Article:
Reinventing the Wheel: Green and cost-effective approach for expert elicitation

Expert elicitation processes are increasingly applied in environmental policy analyses, to deal with complex phenomena characterised by lack or scarcity of data. Judgments and information obtained from the experts are applied to overcome uncertainty limits of analytic modelling, to support decision-making processes, to populate knowledge and quantitative models and to enhance the synergism of inter-experts discussion.

In the ICARUS project, the choice to elicit and use experts’ judgments arises from a combination of the above reasons. Selected experts are involved for their deep knowledge of the innovative technologies under investigation. The purpose of the elicitation exercise is to collect quantitative data, probabilistic estimates and qualitative information on the technical characteristics of each technology, on the main barriers to their success and diffusion into the market, and on the role of RD&D investments in helping to overcome their limits and abate the costs.

While group interaction among experts is considered in the literature as the best method for gathering a large amount of qualitative data, the individual interview is suggested as the most suitable approach for obtaining detailed quantitative data, and also for analysing the expert’s problem-solving process [1]. Moreover, the face-to-face interview avoids potential biases from group dynamics which can break the link between subjective perception and underlying objective reality [2].

Unfortunately, the face-to-face elicitation situation is extremely expensive and time-consuming. As a consequence, it is often substituted with less effective techniques, such as the submission of questionnaires by email or by phone. These modes of communication do not allow the analyst to carefully monitor the whole exercise and to control the occurrence of biases and errors in the estimates [3].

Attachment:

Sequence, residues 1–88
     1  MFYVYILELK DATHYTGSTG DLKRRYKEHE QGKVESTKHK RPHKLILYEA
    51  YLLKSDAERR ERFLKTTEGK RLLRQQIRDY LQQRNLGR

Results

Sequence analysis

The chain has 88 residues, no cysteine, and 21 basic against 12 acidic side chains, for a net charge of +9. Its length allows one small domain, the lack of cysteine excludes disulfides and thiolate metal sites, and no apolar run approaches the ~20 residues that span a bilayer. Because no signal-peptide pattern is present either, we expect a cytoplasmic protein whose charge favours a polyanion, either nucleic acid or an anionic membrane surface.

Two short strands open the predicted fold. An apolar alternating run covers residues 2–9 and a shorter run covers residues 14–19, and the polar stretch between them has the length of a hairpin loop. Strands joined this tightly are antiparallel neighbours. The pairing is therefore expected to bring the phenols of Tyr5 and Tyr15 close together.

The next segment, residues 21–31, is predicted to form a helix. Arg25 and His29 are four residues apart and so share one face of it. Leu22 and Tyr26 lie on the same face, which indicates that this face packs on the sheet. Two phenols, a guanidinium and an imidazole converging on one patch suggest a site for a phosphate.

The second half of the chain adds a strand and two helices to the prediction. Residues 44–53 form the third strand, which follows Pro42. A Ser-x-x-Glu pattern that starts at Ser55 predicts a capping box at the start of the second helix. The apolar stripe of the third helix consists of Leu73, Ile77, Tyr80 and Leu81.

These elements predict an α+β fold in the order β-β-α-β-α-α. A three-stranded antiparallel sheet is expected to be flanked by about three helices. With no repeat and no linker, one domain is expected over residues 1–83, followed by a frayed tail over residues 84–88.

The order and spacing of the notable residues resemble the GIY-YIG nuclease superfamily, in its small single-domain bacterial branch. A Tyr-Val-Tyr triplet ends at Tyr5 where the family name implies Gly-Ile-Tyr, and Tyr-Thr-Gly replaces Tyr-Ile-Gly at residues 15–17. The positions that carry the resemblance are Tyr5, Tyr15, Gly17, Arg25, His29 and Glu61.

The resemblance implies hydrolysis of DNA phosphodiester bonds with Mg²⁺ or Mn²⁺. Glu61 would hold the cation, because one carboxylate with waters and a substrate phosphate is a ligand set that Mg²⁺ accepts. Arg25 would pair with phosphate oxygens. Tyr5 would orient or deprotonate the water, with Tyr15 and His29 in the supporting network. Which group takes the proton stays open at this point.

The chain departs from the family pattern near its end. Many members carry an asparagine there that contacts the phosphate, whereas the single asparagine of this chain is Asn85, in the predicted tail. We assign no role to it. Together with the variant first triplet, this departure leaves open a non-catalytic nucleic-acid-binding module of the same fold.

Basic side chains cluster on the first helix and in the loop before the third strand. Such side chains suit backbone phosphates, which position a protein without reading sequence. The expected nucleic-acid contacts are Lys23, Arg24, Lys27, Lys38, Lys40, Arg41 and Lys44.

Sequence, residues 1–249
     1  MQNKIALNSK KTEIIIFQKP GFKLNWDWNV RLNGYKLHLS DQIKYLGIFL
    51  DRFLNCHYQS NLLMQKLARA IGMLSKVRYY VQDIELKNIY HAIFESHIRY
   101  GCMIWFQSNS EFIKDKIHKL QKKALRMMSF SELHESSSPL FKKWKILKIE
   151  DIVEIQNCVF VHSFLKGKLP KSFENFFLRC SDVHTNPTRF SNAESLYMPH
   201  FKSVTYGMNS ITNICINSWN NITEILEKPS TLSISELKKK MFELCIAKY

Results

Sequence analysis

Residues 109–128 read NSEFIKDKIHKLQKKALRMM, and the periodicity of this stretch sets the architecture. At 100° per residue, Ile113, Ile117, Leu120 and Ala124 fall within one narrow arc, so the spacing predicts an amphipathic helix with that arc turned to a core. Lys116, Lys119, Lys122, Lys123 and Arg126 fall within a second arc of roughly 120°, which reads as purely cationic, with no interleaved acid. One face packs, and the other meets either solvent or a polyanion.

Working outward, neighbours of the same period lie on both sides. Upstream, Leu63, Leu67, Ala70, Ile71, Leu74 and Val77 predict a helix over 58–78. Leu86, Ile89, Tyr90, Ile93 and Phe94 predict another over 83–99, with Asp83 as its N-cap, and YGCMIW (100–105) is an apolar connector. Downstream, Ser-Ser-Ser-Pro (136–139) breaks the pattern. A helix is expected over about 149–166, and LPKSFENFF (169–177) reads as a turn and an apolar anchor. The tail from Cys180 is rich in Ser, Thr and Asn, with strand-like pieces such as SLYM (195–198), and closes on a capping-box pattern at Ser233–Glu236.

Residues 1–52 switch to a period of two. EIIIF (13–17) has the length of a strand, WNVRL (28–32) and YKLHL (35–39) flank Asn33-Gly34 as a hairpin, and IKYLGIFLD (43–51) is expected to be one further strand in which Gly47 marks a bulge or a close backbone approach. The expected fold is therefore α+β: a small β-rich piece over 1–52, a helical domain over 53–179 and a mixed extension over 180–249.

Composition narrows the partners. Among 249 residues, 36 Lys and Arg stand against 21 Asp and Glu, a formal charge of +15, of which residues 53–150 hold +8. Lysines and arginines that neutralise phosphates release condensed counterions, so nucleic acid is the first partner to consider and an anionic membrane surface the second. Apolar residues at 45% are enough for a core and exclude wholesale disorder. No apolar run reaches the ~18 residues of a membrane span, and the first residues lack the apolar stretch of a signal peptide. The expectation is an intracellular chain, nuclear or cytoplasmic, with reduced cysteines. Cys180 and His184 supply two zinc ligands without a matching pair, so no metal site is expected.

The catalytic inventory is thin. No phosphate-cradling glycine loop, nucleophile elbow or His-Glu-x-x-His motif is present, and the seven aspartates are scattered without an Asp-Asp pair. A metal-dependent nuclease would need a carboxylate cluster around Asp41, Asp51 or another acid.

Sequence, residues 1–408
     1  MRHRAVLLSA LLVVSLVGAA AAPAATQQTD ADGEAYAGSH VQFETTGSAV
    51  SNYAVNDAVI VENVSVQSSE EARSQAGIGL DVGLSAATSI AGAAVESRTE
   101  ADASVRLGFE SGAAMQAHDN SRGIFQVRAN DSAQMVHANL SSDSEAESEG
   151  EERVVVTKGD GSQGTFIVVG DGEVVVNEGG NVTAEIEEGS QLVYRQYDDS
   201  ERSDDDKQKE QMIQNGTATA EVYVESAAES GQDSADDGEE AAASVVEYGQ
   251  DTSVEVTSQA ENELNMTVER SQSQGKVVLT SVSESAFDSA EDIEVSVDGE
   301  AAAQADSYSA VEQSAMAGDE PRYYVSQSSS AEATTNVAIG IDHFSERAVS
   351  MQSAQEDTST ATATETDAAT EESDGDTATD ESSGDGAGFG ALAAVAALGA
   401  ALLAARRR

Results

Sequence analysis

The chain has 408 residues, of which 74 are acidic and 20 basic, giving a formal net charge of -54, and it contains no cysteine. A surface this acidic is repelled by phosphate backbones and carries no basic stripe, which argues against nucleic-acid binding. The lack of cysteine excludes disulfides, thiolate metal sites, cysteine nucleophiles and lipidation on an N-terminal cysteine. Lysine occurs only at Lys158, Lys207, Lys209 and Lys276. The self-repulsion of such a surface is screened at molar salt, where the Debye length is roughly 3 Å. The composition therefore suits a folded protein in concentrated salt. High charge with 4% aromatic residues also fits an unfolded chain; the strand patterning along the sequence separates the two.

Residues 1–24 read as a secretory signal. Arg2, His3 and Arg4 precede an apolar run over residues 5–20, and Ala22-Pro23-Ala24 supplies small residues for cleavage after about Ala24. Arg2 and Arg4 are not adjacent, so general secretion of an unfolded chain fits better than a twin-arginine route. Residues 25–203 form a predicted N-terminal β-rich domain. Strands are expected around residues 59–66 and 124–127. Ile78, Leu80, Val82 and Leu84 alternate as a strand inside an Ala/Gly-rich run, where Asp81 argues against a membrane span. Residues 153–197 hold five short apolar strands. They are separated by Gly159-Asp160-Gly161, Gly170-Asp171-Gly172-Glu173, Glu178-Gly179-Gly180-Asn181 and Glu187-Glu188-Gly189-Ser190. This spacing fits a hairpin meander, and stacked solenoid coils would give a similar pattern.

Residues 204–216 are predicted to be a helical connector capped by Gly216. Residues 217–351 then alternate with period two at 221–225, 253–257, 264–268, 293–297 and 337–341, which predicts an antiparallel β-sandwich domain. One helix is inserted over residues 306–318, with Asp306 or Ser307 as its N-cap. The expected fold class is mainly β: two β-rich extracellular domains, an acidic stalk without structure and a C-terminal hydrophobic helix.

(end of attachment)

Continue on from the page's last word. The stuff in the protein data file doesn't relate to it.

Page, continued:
The ICARUS project gave us the possibility to test an effective solution aimed at combining the advantages of a face-to-face interview, with the possibility to save money, time and carbon emissions. We carried out most of the interviews through web conferences, using a meeting software that can be accessed from everywhere. The expert is invited to join an online meeting, where we present information and share documents and applications. The expert has therefore the opportunity to compile the questionnaires on line, while discussing questions and commenting the survey. As she/he modifies the document, we can see changes and intervene in real time to clarify doubts or to ask for more specific information. All interviews can be taped not to lose the ancillary information, which can be used to check and contextualise the experts’ answers and, if necessary, to structure follow-up phone calls. The expert can see the interviewers through the webcam, and this helps to recreate the overall effect of a face-to-face situation. We have so far undertaken more than 30 web interviews and always received very positive feedbacks for the flexibility and professionalism of the procedure. The web meeting approach resulted effective and user-friendly, ensuring the defensibility of the elicitation outputs and the robustness of the consequent analyses, at the same time making a larger number of interviews and follow-ups possible.


  • [1] Meyer, M.A., Booker, J.M., (1991), Eliciting and Analysing Expert Judgment: A Practical Guide. Academic Press Ldt., London.
  • [2] Baddeley, M., Curtis, A., Wood, R., (2004), An introduction to prior information derived from probabilistic judgments: Elicitation of knowledge, cognitive bias and herding, In: Curtis, A., Wood, R., editors, Geological Prior Information, Geol. Soc. Lond. Special Publication 239: 1-14.
  • [3] O’Hagan, A., Buck, C.E., Daneshkhan, A., Eiser, J.R., Garthwaite, P.H., Jenkinson, D.J., Oakey, J.E., Rakow, T., (2006), Uncertain Judgments: Eliciting Experts’ Probabilities, John Wiley & Sons, Ltd.